Funeral at St Andrews, Fulham Fields, London W14

Chatting to a school friend last night we got on to this new and unwelcome vocabulary that we are learning. Furlough, co-morbidities, herd immunity, lockdown, social distancing and so on. I went looking for the word ‘furlough’ in “Men Who March Away”, an anthology of poetry from World War One that they got us to read at school: Rupert Brooke, Wilfred Owen and many others. I couldn’t find the word. Simon tells me that the OED lists the first use of ‘furlough’ as by Ben Jonson in 1625. Those poems are not easy to read - I last consulted that anthology in the 1980s when the AIDS epidemic was taking all those good friends and playmates from us.
Doing my gym at home this morning, a funeral cortege draws up at the church opposite; it happens but seeing one at this moment makes you take stock just as the clouds seem to be gathering yet again. John Donne’s words still ring clear, written amidst the plagues of the 17th century; he even mentions Europe!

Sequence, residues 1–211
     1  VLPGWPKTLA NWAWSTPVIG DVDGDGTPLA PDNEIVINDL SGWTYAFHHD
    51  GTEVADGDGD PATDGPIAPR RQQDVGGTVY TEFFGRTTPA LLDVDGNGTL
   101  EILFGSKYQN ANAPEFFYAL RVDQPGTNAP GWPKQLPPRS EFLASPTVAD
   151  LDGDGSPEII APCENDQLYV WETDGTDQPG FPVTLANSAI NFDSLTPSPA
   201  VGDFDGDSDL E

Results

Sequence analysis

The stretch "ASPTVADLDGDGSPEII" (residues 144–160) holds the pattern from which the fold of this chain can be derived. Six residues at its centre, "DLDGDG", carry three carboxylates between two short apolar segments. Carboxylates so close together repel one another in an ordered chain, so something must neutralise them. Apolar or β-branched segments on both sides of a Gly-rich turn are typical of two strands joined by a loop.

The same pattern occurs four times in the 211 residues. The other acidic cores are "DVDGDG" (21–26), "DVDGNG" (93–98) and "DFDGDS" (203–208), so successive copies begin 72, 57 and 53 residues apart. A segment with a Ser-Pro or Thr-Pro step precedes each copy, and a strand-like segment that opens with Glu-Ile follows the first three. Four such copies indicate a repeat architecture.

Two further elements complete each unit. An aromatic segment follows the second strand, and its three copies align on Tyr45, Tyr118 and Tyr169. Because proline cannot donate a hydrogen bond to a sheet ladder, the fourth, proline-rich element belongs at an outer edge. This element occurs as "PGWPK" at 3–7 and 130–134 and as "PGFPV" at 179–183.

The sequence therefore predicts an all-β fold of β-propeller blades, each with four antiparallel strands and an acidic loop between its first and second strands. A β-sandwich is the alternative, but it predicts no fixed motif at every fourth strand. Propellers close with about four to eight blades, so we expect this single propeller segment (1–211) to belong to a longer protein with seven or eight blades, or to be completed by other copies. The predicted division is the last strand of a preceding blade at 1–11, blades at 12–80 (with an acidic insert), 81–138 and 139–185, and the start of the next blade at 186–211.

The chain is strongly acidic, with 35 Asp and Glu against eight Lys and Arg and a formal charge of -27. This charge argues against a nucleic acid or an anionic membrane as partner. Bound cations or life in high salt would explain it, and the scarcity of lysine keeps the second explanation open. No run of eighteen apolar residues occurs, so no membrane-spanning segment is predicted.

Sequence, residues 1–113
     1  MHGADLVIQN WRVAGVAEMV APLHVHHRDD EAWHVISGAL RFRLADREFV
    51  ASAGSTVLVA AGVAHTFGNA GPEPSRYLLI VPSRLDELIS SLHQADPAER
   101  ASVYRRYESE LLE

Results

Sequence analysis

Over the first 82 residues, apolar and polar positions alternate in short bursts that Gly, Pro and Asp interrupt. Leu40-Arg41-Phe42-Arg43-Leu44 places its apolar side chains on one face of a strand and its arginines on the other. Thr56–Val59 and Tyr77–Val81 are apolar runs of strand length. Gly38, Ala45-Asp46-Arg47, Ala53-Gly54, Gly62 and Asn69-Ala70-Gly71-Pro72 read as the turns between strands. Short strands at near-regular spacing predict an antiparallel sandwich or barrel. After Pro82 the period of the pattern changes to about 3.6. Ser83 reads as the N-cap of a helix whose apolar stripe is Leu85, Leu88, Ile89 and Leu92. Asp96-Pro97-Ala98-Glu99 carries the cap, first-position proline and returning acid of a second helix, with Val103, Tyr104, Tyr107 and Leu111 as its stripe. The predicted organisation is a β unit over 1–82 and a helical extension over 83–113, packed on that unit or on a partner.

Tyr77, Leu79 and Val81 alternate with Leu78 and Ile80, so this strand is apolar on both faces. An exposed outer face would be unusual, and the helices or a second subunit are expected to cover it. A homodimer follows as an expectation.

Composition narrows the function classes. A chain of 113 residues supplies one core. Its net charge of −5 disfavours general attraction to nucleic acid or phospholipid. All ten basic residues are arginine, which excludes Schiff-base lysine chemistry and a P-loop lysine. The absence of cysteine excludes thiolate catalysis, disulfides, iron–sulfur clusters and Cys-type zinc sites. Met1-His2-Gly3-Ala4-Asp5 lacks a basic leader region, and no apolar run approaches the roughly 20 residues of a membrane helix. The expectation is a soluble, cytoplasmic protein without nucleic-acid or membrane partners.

Happily, the present deceased got a fine day and a good crowd for it.


For Whom the Bell Tolls
John Donne

No man is an island,
Entire of itself.
Each is a piece of the continent,
A part of the main.
If a clod be washed away by the sea,
Europe is the less.
As well as if a promontory were.
As well as if a manor of thine own
Or of thine friend's were.
Each man's death diminishes me,
For I am involved in mankind.
Therefore, send not to know
For whom the bell tolls,
It tolls for thee.